On an Order to show cause why respondent should not be certified for admission to the bar.
Chief Justice Wilentz and Justices Pollock, O'hern, Garibaldi, Stein, And Coleman join in Justice Handler's opinion. The opinion of the Court was delivered by Handler, J.
The opinion of the court was delivered by: Handler
(This syllabus is not part of the opinion of the Court. It has been prepared by the Office of the Clerk for the convenience of the reader. It has been neither reviewed nor approved by the Supreme Court. Please note that, in the interests of brevity, portions of any opinion may not have been summarized).
In the Matter of the Application of Frank B. McLaughlin,
for Admission to the Bar of New Jersey (E-22-95)
Argued November 28, 1995 -- Decided May 20, 1996
HANDLER,J., writing for a unanimous Court.
This case involves issues of character and fitness for admission to the bar. All applicants for admission to the bar must submit a detailed sworn Statement to the Supreme Court's Committee on Character and must undergo additional reviews, including a criminal records fingerprint check. The Statement and supporting materials are processed by the Committee's staff and are reviewed by the volunteer attorneys who serve on the Committee.
Frank B. McLaughlin of Brooklyn, New York, sat for and passed the July 1994 bar examination. He was a graduate of Rutgers Law School--Newark where he was the Book Review Editor of the Law Review. Before attending law school, McLaughlin was a claims analyst for American Reinsurance in Princeton, New Jersey.
A hearing was scheduled before a panel of the Committee to address three aspects of McLaughlin's application. The first involved a Massachusetts arrest in 1985. McLaughlin took the position that he had disclosed the arrest and its circumstances in an attachment to his original Statement; the Committee concluded that the disclosure was not appended to the Statement.
The second item was McLaughlin's disclosure of a 1994 arrest in Hoboken, New Jersey. McLaughlin described his involvement in a "peaceful political protest." The Committee concluded that his description of the incident was incomplete and misleading.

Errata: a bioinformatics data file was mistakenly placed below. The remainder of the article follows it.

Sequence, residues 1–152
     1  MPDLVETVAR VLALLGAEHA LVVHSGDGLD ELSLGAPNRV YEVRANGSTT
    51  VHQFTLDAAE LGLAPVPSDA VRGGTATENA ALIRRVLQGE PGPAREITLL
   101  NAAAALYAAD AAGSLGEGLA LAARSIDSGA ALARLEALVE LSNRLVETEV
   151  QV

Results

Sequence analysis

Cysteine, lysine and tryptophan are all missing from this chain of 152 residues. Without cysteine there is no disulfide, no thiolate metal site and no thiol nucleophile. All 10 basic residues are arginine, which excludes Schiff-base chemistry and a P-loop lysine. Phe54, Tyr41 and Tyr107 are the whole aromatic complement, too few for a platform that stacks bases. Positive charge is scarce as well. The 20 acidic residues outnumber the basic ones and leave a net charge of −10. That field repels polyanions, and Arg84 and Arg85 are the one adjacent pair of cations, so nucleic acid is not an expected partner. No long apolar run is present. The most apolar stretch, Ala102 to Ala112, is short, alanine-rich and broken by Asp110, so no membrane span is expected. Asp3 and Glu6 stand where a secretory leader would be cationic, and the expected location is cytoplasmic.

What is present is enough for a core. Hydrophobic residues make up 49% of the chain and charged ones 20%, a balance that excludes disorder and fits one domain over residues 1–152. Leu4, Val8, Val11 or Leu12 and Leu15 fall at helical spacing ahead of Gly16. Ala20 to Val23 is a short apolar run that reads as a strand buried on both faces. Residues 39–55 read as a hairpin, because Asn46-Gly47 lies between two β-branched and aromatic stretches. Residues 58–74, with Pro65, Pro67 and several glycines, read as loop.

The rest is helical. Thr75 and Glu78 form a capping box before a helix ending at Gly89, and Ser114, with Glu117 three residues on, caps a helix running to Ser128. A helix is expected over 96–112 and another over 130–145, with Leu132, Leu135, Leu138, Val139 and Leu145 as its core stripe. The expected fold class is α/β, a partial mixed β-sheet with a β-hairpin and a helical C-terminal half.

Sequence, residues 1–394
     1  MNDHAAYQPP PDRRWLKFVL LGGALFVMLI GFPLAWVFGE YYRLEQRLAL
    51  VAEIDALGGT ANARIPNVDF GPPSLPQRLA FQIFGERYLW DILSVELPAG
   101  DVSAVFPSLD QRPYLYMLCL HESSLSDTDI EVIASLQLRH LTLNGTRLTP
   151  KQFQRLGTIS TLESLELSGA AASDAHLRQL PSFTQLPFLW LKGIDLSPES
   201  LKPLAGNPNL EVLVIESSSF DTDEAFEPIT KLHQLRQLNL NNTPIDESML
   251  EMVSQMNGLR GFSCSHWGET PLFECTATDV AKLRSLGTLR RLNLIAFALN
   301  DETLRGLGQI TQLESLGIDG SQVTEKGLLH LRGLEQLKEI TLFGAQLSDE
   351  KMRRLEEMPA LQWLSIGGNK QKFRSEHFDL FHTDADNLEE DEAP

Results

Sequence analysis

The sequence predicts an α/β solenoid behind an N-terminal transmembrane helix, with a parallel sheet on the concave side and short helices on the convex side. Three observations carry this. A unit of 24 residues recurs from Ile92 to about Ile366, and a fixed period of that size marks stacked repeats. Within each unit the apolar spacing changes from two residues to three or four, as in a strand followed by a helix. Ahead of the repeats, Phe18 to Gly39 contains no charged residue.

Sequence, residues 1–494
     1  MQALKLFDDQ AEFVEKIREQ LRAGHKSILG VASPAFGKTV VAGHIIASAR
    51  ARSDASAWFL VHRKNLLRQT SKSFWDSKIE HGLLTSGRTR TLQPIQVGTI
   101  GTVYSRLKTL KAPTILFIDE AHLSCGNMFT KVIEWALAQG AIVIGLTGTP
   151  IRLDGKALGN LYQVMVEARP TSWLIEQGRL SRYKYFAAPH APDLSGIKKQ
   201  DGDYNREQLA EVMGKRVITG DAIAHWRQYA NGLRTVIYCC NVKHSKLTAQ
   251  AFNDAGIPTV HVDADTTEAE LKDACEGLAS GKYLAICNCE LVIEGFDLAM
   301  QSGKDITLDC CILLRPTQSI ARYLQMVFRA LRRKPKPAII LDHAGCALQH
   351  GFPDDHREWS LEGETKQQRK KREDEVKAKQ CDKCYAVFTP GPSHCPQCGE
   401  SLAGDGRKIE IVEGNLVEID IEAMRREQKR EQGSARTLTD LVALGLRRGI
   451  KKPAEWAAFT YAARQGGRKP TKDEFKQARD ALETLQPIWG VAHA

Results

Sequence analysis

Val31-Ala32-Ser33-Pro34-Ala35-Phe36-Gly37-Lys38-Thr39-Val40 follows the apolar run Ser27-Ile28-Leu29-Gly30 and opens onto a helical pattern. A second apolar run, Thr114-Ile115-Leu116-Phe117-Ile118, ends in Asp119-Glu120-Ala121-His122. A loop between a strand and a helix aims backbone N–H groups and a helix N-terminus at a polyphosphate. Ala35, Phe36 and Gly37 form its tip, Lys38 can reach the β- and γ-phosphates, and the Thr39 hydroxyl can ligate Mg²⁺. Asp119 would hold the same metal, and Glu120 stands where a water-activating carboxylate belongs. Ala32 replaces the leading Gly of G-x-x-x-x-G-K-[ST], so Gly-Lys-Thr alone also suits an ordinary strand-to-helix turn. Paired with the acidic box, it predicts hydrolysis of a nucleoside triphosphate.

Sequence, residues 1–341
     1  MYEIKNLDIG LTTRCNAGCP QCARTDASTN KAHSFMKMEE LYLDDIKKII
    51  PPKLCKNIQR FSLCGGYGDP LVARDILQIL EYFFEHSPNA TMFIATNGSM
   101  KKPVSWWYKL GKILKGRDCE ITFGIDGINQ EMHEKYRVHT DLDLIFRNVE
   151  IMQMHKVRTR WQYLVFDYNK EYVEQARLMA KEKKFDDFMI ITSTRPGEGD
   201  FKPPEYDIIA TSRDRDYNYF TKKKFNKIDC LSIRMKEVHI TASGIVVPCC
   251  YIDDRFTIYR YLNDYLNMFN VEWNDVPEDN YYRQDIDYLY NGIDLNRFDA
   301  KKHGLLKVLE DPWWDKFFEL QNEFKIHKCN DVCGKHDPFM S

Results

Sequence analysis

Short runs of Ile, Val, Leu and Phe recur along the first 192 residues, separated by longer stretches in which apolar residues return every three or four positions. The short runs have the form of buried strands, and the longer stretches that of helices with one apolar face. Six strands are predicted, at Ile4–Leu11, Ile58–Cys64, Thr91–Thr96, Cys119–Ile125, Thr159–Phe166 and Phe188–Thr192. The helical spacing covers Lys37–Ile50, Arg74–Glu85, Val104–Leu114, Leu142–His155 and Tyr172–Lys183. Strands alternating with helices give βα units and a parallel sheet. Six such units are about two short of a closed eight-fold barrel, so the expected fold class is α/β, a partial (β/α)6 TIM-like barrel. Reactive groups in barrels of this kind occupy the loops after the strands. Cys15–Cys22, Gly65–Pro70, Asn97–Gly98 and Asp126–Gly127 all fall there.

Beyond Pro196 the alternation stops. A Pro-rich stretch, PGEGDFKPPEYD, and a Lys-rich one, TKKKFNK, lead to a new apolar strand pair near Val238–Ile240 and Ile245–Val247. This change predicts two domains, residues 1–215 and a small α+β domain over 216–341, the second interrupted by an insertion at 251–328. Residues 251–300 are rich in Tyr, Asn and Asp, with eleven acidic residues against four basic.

The third item arose out of McLaughlin's dealings with his automobile insurance company and his failure to make complete disclosure regarding suspensions of his driver's license.
In addition to the disclosure and candor problems presented by McLaughlin's application and testimony, his conduct before the Committee's hearing panel and his treatment of court personnel during the proceedings raised other concerns about his character and fitness. The record reflected incidents of impatient and snide comments to the panel members of the Committee and the use of extreme examples of sarcasm, flippancy, and other inappropriate responses.
The Committee on Character concluded that McLaughlin did not possess the requisite character for admission to the bar. It recommended to the Court that it withhold certification of McLaughlin's character. The Court issued an Order to Show Cause why certification should not be withheld.
HELD: Candidates for admission to the bar must possess the traits of honesty and truthfulness, trustworthiness and reliability, and a professional commitment to, and respect for, the judicial process and the administration of Justice. Based on its independent review of the record in this matter, the Court withholds certification of the applicant's character.
1. The character traits required of applicants for admission to the bar should be formulated in terms of the qualities of character that attorneys must possess to fulfill their obligations to clients and the judicial system. In assessing the record in this matter, the Court accepts the Conclusions of the Committee on Character, particularly in respect of credibility. (pp. 17-20)
2. Although McLaughlin's arrests involved relatively minor matters, his treatment of those arrests before the Committee demonstrated a significant lack of candor. Furthermore, his handling of his automobile insurance also indicated a lack of honesty, particularly when it is noted that McLaughlin worked in the insurance industry. McLaughlin's actions constitute a pattern of behavior that demonstrates a clear and convincing lack of the required reverence for the truth. (pp. 20-23)
3. Prior decisions of the Court have made it clear that an applicant's attitude will be a factor in determining present fitness. McLaughlin's demeanor and expressions in correspondence give ample cause to conclude that he has an insufficient appreciation for the proper administration of Justice. His conduct bordered on contempt. The judiciary seeks to suppress incivility, which, if tolerated and unchecked, can render the transaction of judicial business impossible. McLaughlin's conduct was marked with impudence and insolence and belied a fidelity to the administration of Justice that must be possessed by members of the legal profession. (pp. 23-28)
4. McLaughlin's lack of insight into his shortcomings leads the Court to conclude that he is not currently a worthy candidate for admission to the bar. The Court, however, also concludes that McLaughlin should be given the opportunity to rehabilitate himself. He may, no earlier than six months from the filing of the Court's opinion, submit rehabilitation evidence to the Committee in accordance with the requirements of Application of Matthews, 94 N.J. 59, 462 A.2d 165 (1983).